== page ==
When McCollum shoots 64 percent from the field and draws nine free-throws they can get away with it. But the offensive struggles down the stretch against the Toronto Raptors on Dec. 26 revealed that the CJ-centric offense is not always sustainable.
Lillard’s absence has also revealed that McCollum has room to grow as a distributor. McCollum has been known to throw flashy passes, but he does not have the same court vision as Lillard and is not as adept at putting his teammates in scoring position, which makes it easier for defenses to disrupt the flow offense when McCollum runs the point. He will, presumably, improve on that with more experience as a top-flight scoring threat, but for now it’s been a semi-glaring flaw - he’s averaged only 4.5 assists over the last 4 games despite taking a whopping 85 shots.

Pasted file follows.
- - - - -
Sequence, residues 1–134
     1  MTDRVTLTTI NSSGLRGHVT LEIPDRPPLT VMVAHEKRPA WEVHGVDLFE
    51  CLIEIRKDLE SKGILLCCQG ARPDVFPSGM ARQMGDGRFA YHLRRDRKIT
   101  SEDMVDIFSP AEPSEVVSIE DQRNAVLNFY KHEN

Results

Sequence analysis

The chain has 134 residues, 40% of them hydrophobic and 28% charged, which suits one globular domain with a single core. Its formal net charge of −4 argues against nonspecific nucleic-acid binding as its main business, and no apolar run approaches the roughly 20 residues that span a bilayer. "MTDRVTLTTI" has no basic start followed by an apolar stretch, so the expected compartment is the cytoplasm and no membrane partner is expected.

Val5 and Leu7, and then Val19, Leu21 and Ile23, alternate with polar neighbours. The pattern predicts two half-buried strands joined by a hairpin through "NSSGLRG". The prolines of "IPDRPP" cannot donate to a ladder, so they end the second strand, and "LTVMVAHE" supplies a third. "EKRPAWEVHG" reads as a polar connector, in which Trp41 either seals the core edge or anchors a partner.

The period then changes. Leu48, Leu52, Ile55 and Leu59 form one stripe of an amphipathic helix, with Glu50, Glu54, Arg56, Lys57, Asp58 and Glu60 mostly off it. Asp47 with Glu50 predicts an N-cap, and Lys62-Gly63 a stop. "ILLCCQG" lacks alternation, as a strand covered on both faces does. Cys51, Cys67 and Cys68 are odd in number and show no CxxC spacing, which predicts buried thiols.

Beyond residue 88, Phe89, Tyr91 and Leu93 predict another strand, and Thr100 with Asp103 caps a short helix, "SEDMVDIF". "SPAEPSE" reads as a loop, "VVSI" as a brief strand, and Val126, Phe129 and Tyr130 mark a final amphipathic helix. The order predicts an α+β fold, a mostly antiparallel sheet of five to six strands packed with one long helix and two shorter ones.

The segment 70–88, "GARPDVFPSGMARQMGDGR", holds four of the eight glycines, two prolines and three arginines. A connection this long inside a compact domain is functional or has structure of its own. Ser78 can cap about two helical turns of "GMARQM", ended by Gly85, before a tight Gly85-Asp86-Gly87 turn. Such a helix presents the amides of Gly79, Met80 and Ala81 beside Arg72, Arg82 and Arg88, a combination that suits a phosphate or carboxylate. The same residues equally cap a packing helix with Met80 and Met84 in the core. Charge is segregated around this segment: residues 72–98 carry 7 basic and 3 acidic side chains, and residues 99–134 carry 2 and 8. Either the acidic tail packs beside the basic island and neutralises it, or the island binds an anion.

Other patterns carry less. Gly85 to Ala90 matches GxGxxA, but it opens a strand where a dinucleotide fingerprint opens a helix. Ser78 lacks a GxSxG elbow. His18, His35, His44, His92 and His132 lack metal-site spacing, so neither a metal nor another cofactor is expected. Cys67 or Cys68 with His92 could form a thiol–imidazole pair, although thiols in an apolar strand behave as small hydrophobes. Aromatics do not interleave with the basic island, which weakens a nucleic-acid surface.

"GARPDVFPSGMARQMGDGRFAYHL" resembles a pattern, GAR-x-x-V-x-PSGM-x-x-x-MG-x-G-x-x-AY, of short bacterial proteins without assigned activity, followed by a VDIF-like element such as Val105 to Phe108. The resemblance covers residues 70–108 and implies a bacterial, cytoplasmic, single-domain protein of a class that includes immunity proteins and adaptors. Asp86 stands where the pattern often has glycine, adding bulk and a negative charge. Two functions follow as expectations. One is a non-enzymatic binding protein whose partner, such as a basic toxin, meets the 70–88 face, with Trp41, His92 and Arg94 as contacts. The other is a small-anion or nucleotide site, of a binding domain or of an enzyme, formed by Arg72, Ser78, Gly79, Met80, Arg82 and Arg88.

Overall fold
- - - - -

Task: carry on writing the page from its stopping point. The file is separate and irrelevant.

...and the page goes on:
The Blazers big man bench trio of Noah Vonleh, Meyers Leonard, and Ed Davis continue to struggle. The trio combined for 0 points, 5 rebounds, 4 fouls, and 1 turnover in 25 minutes of action. To make matters worse, two of the three were on the court together for multiple stretches. Stotts has toyed with the rotation (tonight he played Vonleh instead of Davis in the first half), but so far all three have been a disappointment, severely hampering the Blazers’ bench.
Despite the imperfect play, the Blazers should still be happy with tonight’s results on defense. If their new, more aggressive, scheme continues to work when Lillard returns to the lineup and (hopefully) fixes the offense, they could still turn around a season that looked to be a complete loss a week ago.
Portland returns to action on Wednesday in a nationally televised game against the Golden State Warriors.
Eric Griffith | GoBlazers87@gmail.com | @DeeringTornado